The Surf Report
Stay on top of your ride this summer
Surfing involves dynamic movement on an unstable surface. So to be able to surf well out in the ocean, it is important to be able to move well on land. As surfing is such a demanding sport, it requires flexibility and strength to perform. Muscular imbalance and restricted movement are key problems that can keep surfers out of the water.
Unfortunately, due to the unpredictability of the ocean some injuries can also be caused by trauma. However, a lot of surf injuries can be avoided with early intervention. Here are some of the key issues to be aware of, and some tips to avoid them restricting your ability to surf.
A common cause of neck injuries in the surf is overuse. You spend a lot of time in a prone lying position with your neck extended. Prolonged extension on the cervical joints in closed position (packed position) whilst paddling, can cause increased demand on the neck structures. The pain will reduce your ability to look ahead for the next set or look over your shoulder when paddling for the next wave. Stiffness and pain through the neck can develop poor biomechanics in your shoulder resulting in further injury.
# TIP: Daily range-of-motion neck stretches and chin tucks can help slowly improve the mobility in your neck.
Shoulder pain is one of the most common injuries that occurs for surfers. Pain and weakness can affect your strength when paddling, duck diving and popping up. Overuse and weakness with the repetitive paddling stroke can lead to injuries on tendons, or pinching of bursa structures. Paddling strengthens the large muscles in the shoulder (Levator scapular, Latissimus dorsi, Upper Trapezius, Deltoids, Pec Major). Unfortunately, it does not work the smaller rotator cuff muscles as much. Having that imbalance can result in impingement through the shoulder, making shoulder movement painful.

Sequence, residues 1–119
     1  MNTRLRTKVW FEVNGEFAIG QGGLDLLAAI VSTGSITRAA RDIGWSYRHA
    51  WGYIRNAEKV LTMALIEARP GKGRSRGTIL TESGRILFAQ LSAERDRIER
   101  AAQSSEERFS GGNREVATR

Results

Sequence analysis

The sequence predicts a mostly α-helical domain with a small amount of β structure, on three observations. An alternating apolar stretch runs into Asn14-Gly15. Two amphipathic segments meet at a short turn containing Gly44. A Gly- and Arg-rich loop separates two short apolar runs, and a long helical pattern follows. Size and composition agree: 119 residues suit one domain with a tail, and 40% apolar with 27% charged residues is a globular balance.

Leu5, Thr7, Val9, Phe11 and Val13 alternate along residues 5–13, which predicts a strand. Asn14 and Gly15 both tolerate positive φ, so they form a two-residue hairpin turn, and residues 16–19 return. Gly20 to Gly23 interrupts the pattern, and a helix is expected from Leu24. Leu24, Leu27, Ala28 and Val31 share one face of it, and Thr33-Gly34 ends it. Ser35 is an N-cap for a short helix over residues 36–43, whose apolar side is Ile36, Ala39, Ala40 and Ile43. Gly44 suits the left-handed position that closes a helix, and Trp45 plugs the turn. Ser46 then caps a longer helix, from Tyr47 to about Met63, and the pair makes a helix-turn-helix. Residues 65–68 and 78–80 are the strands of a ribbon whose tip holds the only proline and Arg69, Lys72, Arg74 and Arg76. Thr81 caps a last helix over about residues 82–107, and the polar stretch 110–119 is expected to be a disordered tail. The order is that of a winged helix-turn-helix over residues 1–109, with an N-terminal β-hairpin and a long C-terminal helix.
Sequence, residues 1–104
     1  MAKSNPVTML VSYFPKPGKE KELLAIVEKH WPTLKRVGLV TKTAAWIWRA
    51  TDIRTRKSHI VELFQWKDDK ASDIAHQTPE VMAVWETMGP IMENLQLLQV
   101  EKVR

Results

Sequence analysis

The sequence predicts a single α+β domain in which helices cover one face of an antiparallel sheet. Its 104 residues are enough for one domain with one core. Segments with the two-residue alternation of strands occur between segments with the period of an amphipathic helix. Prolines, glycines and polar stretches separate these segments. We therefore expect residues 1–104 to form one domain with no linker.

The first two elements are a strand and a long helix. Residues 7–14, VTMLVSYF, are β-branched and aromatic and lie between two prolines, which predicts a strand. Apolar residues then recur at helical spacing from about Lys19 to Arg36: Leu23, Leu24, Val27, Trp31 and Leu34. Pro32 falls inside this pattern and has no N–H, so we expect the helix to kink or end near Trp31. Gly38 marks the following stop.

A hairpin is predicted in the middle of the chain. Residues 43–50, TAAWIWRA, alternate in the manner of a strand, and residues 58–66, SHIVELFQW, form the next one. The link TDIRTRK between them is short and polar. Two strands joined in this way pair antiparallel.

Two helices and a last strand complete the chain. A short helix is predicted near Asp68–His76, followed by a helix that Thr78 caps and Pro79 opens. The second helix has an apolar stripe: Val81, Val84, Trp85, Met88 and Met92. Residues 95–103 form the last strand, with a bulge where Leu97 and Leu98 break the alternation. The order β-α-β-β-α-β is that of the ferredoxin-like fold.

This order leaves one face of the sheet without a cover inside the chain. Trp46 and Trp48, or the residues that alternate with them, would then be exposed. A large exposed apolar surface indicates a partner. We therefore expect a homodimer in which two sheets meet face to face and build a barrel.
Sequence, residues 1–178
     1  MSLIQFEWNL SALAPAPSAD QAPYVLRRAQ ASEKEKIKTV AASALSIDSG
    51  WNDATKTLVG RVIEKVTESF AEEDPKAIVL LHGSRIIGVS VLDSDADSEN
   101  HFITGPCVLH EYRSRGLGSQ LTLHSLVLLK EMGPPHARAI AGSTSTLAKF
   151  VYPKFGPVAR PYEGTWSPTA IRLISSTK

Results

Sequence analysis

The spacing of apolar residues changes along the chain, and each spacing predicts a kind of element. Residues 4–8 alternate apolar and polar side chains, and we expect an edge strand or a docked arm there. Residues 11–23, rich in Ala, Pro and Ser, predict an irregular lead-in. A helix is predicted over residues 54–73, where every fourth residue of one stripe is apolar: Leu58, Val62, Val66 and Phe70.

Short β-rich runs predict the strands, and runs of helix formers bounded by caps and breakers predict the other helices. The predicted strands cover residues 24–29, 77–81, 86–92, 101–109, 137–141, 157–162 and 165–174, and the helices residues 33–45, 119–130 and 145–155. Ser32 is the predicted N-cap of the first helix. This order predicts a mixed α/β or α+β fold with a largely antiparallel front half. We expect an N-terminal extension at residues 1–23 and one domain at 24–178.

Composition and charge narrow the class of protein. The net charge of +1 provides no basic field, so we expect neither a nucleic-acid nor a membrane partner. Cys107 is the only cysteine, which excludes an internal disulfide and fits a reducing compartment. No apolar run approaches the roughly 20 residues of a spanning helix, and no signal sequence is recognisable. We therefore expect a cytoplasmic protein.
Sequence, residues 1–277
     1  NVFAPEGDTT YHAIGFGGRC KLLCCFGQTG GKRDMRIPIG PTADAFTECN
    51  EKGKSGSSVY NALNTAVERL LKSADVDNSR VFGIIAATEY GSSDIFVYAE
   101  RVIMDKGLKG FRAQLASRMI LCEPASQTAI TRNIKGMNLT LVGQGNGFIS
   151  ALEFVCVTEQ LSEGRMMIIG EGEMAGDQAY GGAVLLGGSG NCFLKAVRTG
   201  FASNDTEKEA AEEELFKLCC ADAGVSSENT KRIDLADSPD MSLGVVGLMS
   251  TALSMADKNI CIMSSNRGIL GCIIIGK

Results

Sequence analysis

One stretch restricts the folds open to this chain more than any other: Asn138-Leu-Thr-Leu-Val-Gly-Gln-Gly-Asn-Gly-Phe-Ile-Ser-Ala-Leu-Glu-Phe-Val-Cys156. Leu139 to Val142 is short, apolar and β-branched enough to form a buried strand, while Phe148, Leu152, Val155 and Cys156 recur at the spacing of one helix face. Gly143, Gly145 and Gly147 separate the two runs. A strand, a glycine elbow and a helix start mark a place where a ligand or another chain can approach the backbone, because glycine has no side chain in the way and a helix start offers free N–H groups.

# TIP: In the gym it is important to target your smaller (rotator cuff) muscle groups with light free weight exercises.
After a big day of fighting the current and paddling endlessly to get back out into the line up it can quite often feel like your back is starting to seize and go into spasm. A strong back is critical for keeping any surfer in the water. Paddling on your board basically involves long periods of back extension. If the strength and endurance is not there to hold that position, you are likely to end up with a sore back and the potential for further injury.
# TIP: In the gym incorporate back extensor exercises, along with core and functional rotational movements.
Popping up, a few pumps down the line, a round house cut back and a few more pumps, all require great mobility and flexibility – especially in the hips. Due to our lives becoming more sedentary (or spending 50 mins in a car following a cautious drive out to Piha). Our hips become shorter and tighter due to prolonged contracted positions. Tight hips can cause not only pain and limitation in your surfing manoeuvres, but also can contribute to pain in the lower back and knees.
# TIP: Regular stretching of hip flexors, hamstrings, glutes and adductors are important for maintaining hip mobility.
Knees can take a beating out in the surf. The medial collateral ligament (MCL) is one of the most common structures to injure on the knee while surfing. The MCL is the large ligament that supports the inside of everyone’s knee. When you’re in a crouched position about to be barrelled, your back knee position is often bent and twisted inwards. If the wave were to close out or dump heavy on you, the MCL would be under a lot of stress and this can lead to a sprained or torn ligament.
# TIP: Make sure the muscles around your knee are strong to support your knee structures. Strengthening quads, glutes and incorporating balance exercises are key.
The ankle is important in surfing as it gives the surfer the first lot of information as to where they are positioned on the board. A lot more ankle injuries are happening for surfers as aerial manoeuvres are becoming more common resulting in an increase in awkward landings. A rolled ankle or stiff ankle can both be limiting for surfers. Pain and lack of mobility can cause difficulty popping up, crouching low or limit power when carving that big turn.
# TIP: In the gym focus on balance and mobility, as well as calf strength for push off.
If you are aware of any injuries that may be affecting your surfing performance, or would like to go over your technique and strengthening exercises, get in contact with our team at Ponsonby Physiotherapy. We’re happy to help you with the right functional advice and support to keep you on the water this summer.
Article by Kendal de Besten, Physiotherapist
Photo credit: Tim Marshall